• Exceptions can apply in some circumstances where trusted whānau members provide assistance, reassurance and other support for therapeutic care or on compassionate grounds – please talk to the ward’s Charge Nurse to discuss this before you come to hospital to visit. For whānau with an essential support role as a Partner in Care – again, please check with the ward’s Charge Nurse before you come to hospital to visit.
  • People attending Christchurch ED or Ashburton AAU can have one support person with them.
  • Women in labour and in the birthing suite can have two named support people + their community LMC/midwife if they have one – for the duration of the birth only. All other women on the Maternity Ward are allowed one support person for the duration of their stay in our facilities at Christchurch Women’s Hospital and other maternity units. Only one support person can be with each woman in the maternity ward, and one support person for maternity clinic appointments. No under 16s are allowed to visit or attend appointments.
  • Parents/caregivers can be with their baby in NICU.
  • Parents/caregivers are able to be with their child in hospital (Except Children’s Haematology and Oncology Day patients where only one parent or caregiver is permitted).
  • People requiring support when attending an appointment can have one support person. Please let the relevant service know if you need this so they are able to accommodate your request.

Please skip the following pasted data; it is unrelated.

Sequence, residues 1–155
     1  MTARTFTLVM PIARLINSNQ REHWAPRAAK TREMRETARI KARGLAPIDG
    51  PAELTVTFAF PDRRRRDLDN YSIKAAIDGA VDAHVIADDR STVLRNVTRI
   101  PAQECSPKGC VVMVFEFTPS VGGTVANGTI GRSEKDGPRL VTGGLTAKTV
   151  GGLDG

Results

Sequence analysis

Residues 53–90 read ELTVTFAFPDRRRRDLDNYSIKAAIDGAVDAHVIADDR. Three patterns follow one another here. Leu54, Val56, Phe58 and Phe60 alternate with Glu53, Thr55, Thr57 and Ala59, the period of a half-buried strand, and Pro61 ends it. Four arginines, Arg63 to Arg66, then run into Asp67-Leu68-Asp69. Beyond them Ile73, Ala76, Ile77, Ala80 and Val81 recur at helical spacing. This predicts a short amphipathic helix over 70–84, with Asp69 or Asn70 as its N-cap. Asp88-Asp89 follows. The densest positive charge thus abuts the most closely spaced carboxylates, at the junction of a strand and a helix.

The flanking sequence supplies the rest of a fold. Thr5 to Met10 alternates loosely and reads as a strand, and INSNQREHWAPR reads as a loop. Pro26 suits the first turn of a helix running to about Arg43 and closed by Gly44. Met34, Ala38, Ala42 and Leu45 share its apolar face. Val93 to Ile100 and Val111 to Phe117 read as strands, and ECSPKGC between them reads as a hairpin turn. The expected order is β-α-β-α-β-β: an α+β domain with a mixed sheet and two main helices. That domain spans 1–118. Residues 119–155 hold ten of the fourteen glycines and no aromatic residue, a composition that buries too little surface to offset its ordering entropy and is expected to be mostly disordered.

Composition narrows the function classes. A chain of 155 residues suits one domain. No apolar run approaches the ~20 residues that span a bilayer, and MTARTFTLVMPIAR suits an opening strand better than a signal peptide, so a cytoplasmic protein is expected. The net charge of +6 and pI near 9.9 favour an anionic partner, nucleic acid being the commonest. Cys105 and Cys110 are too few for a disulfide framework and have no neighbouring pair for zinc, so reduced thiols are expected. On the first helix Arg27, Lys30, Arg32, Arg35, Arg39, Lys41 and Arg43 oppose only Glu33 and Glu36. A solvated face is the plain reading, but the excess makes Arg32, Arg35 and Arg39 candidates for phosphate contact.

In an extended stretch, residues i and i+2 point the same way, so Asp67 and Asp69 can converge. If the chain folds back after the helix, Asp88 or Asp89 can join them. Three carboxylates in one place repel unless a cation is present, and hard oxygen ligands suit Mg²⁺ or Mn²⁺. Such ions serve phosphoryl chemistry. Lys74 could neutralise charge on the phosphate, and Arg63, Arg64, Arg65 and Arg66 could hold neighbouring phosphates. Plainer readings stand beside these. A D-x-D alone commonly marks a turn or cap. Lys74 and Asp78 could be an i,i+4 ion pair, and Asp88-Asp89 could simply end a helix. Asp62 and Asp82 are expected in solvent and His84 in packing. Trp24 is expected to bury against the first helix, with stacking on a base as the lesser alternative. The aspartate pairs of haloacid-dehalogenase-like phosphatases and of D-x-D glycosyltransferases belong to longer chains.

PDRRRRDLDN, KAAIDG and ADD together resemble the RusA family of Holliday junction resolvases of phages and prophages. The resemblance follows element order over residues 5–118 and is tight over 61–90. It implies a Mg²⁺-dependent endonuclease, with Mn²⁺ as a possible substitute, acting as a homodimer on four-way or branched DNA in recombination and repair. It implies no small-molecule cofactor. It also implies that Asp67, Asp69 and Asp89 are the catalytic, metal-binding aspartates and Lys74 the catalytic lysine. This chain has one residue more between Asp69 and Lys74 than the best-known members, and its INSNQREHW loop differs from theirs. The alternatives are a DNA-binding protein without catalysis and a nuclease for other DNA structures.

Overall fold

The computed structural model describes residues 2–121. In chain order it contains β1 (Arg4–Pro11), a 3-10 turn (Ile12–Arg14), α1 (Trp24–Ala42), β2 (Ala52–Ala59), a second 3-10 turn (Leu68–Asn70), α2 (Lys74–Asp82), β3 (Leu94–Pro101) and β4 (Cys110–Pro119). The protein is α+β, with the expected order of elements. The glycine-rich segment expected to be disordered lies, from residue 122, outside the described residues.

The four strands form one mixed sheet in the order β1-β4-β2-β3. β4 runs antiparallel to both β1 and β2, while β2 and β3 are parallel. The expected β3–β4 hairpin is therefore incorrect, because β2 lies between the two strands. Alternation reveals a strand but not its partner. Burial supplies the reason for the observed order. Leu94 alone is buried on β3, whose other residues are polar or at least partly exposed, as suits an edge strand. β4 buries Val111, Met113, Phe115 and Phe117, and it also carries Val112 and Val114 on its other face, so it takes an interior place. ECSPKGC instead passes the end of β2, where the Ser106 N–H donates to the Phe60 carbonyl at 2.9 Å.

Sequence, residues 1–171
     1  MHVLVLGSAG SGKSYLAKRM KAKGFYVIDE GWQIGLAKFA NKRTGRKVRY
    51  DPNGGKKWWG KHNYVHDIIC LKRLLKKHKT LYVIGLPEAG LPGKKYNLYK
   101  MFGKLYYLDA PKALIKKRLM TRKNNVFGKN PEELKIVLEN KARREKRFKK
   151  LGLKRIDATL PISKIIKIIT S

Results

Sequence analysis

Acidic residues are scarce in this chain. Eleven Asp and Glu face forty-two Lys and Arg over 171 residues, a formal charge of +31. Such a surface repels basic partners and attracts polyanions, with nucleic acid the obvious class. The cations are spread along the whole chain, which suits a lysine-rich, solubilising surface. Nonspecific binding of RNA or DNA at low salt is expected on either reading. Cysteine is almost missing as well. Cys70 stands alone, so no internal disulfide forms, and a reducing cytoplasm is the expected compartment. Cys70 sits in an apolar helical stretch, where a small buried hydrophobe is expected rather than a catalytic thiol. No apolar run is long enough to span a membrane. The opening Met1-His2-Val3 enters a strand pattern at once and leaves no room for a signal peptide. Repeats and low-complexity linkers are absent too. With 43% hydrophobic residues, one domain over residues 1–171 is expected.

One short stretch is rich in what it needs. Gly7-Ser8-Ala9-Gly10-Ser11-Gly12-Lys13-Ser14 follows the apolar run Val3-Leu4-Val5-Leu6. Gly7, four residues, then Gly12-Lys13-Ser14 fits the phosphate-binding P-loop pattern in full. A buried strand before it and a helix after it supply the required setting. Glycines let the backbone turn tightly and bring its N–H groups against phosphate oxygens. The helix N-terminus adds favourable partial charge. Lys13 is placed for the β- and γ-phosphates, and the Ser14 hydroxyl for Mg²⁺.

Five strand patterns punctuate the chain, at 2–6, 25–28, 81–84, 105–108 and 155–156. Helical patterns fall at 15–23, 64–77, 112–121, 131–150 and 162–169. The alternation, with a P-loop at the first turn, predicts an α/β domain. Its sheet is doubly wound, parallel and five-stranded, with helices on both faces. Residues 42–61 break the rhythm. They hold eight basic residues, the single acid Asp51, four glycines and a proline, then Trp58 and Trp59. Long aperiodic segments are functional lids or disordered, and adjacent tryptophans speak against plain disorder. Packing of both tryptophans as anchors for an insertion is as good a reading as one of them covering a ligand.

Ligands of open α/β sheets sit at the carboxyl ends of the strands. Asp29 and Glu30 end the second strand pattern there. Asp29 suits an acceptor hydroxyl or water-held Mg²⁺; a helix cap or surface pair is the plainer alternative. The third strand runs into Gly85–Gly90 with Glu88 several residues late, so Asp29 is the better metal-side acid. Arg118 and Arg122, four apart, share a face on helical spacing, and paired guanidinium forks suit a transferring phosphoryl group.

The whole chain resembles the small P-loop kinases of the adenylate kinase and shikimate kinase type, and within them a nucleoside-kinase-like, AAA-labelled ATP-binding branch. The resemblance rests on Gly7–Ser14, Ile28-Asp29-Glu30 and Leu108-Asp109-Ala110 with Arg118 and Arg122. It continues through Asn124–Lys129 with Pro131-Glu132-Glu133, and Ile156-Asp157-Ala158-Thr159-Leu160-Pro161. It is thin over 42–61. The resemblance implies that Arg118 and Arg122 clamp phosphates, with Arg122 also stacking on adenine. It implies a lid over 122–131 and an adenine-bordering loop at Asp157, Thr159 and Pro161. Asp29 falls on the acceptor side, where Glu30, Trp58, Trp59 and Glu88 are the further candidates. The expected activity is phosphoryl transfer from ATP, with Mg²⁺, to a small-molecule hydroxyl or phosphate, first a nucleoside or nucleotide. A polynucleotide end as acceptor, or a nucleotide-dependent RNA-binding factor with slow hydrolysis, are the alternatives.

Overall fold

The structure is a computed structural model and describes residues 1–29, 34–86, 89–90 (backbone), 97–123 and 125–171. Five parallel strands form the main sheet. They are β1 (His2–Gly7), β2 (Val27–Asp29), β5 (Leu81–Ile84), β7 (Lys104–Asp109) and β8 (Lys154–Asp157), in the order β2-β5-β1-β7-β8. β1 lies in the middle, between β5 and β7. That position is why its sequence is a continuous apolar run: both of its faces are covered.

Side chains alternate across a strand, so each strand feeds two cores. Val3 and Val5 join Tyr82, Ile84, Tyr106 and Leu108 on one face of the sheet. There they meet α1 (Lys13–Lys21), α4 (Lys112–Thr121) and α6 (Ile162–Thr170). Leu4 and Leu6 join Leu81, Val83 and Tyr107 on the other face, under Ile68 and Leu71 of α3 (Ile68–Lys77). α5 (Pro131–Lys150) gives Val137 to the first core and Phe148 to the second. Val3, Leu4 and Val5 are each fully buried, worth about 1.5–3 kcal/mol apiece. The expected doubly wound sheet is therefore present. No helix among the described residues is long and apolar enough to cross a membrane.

Visiting patients with COVID-19

  • To avoid them becoming infected with COVID-19 and passing it one, visitors to COVID-19 positive patients will not be allowed except in extenuating circumstances – by prior agreement with the Charge Nurse Manager only, and wearing an N95 mask.
  • Other methods of communication will be facilitated e.g. phone, facetime, zoom etc.

You must NOT visit the hospital if you

  • are a household contact of a COVID-19 positive case
  • are COVID-19 positive
  • Have a cold or flu/COVID-19-like symptoms (even if you are testing negative for COVID-19)

Exceptions for people with disabilities

An exception will be made for people with disabilities who are in hospital or have to attend an outpatient appointment – where they need a support person to access health services. For example, a sign language interpreter, support person for someone with a learning disability, or someone to assist with mobility. The support person is in addition to the one permitted visitor.

Everyone visiting our facilities must wear a mask, no exceptions

While we appreciate that some people have legitimate reasons for being exempt from wearing a mask and may even have an official card to confirm this, people who cannot or will not wear a mask cannot visit someone in hospital or attend hospital, other than to access healthcare treatment*. This is another measure to minimise the risk to vulnerable patients.

*healthcare treatment includes: Emergency Department care, outpatient appointments, surgery or a procedure. 

Patients and visitors should also read the additional more detailed visiting guidelines for each specific hospital.